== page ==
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*Editor’s Note: Part VI in a new series on the Holocaust from Alex Grobman, PhD 

Pogroms 

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Originally the Wehrmacht was reluctant to join in murdering Jews, but then the generals became so irritated with the slow progress being made, that they began “virtually pushing the Einsatzgruppen into killing operations. The German army could hardly wait to see the Jews of Russia dead—no wonder that the commanders of the Einsatzgruppen were pleasantly surprised.” Enlisting the cooperation of the local populations became an essential element in the process of destruction. This included fostering pogroms against the Jews by members of the local communities and gaining the support of the auxiliary police in capturing and shooting Jews. The Einsatzgruppen generated pogroms for administrative and psychological reasons. Administratively, every time a Jew was murdered, it meant one less Jew to be killed by the Einsatzgruppen. A pogrom also helped them reach their “cleanup goal” (Sauberungsziel) that much faster. [1].  

The Einsatzgruppen wanted the population or police units to assume a major role in annihilating their Jewish neighbors. In this way, the Germans could claim that the local inhabitants were originally responsible for the massacres. SS Brigadeführer Dr. Franz Walter Stahlecker, commander of Einsatzgruppe A, declared “The impression had to be created that the local population itself had taken the first steps of its own accord as a natural reaction to the decade’s oppression by the Jews and the more recent terror exerted by the Communists.” [2]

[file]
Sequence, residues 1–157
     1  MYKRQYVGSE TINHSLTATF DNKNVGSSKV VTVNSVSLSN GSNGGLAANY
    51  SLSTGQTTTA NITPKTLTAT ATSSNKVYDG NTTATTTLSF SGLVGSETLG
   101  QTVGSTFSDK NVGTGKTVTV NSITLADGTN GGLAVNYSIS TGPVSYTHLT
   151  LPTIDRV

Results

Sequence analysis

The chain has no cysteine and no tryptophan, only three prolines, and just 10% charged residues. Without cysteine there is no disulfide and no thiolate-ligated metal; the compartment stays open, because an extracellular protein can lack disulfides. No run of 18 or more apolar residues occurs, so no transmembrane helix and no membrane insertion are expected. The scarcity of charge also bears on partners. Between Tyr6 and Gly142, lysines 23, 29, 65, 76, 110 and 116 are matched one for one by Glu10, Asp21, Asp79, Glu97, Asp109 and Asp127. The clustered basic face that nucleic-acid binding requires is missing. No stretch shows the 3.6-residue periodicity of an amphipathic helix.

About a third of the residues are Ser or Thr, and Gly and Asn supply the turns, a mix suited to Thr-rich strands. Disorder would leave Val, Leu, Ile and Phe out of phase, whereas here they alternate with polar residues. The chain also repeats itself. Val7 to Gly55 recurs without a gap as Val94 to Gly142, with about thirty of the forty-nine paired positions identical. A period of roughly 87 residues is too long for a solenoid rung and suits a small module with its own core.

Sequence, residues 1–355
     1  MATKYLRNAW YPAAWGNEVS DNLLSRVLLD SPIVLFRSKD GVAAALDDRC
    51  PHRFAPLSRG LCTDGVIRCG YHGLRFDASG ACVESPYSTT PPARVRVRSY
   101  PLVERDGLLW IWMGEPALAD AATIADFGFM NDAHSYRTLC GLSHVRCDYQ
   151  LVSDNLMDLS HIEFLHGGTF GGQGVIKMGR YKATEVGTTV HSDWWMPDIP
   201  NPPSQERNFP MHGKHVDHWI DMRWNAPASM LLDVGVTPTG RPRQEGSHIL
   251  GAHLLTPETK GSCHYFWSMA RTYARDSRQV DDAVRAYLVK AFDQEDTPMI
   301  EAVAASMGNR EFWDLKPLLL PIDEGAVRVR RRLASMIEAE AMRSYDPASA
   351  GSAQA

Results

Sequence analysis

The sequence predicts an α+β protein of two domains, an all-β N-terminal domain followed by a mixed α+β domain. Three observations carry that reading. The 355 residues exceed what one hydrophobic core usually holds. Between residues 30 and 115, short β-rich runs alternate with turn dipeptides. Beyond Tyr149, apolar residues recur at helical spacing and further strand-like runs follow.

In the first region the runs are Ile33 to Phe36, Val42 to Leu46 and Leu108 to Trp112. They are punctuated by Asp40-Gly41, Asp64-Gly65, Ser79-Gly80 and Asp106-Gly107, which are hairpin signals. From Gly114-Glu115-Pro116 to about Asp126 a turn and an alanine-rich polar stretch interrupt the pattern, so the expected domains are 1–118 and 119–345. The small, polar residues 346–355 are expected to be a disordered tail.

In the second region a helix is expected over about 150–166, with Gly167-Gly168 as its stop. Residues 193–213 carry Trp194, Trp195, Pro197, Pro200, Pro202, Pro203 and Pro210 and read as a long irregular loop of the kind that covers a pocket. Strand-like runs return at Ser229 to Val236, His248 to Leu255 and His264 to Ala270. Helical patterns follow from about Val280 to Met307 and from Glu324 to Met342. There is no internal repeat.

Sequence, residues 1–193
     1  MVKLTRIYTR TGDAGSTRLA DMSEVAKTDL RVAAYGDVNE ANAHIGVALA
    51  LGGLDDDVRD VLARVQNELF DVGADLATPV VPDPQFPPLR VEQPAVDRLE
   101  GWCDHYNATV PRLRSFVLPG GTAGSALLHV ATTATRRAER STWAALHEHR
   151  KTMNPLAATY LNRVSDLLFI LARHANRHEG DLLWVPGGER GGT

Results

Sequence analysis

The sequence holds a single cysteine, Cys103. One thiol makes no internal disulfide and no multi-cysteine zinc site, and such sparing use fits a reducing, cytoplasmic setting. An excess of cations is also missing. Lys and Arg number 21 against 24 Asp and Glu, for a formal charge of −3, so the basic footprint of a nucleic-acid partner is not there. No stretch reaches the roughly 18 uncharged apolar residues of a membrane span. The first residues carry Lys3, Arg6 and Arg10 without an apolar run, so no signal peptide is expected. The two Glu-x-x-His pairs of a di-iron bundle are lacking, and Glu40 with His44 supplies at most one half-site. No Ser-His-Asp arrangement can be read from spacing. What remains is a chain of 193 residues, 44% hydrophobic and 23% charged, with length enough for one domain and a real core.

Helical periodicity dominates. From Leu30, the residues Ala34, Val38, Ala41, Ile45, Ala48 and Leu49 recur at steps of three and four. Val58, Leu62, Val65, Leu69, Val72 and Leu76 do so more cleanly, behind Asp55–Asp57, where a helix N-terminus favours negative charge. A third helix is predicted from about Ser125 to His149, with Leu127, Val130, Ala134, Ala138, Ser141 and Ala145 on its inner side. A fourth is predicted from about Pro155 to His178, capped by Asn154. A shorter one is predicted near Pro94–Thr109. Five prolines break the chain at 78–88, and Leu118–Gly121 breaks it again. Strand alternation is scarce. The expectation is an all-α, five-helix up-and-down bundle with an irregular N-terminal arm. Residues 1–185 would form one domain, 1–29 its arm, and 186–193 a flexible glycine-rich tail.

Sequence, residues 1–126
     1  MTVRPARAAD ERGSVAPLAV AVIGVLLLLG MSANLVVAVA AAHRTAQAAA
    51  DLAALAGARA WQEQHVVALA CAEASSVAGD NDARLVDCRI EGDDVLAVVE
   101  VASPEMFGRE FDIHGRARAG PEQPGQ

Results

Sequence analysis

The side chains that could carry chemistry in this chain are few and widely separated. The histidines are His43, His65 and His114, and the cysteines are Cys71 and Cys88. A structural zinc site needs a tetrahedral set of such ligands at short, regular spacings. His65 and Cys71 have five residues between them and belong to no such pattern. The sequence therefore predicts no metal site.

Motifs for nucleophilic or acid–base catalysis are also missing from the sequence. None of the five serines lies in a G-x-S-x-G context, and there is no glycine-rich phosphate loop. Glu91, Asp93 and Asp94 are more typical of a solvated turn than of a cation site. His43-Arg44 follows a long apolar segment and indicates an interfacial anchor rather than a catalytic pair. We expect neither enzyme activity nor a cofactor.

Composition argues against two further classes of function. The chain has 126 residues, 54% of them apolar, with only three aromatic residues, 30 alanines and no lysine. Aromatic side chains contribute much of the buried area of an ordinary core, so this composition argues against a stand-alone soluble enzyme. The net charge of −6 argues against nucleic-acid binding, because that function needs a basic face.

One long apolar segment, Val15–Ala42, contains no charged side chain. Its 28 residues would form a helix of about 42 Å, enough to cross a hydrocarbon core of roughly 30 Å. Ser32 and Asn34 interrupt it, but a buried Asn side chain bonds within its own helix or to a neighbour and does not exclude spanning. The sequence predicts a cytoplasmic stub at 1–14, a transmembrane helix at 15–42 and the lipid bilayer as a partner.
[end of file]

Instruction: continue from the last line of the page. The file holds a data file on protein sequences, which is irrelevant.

In Lithuania, Stahlecker was surprised and frustrated that starting a pogrom required some prodding and support before one could be arranged. In his report, he said: “Klimatis, the leader of the partisan unit…who was used for this purpose primarily, succeeded in starting a pogrom on the basis of advice given to him by a small, advanced detachment [Vorkommando] acting in Kovno, and in such a way that no German order or German instigation was noticed from the outside.”  

During the first pogrom from June 25 to 26, the Lithuanian partisans murdered more than 1,500 Jews, set fire to several synagogues, destroyed them, and burned down a Jewish district consisting of about 60 houses. During the following night, about 2,300 Jews were murdered. In other parts of Lithuania, “similar actions followed the example of Kovno, though smaller and extending to the Communists who had been left behind.” [3]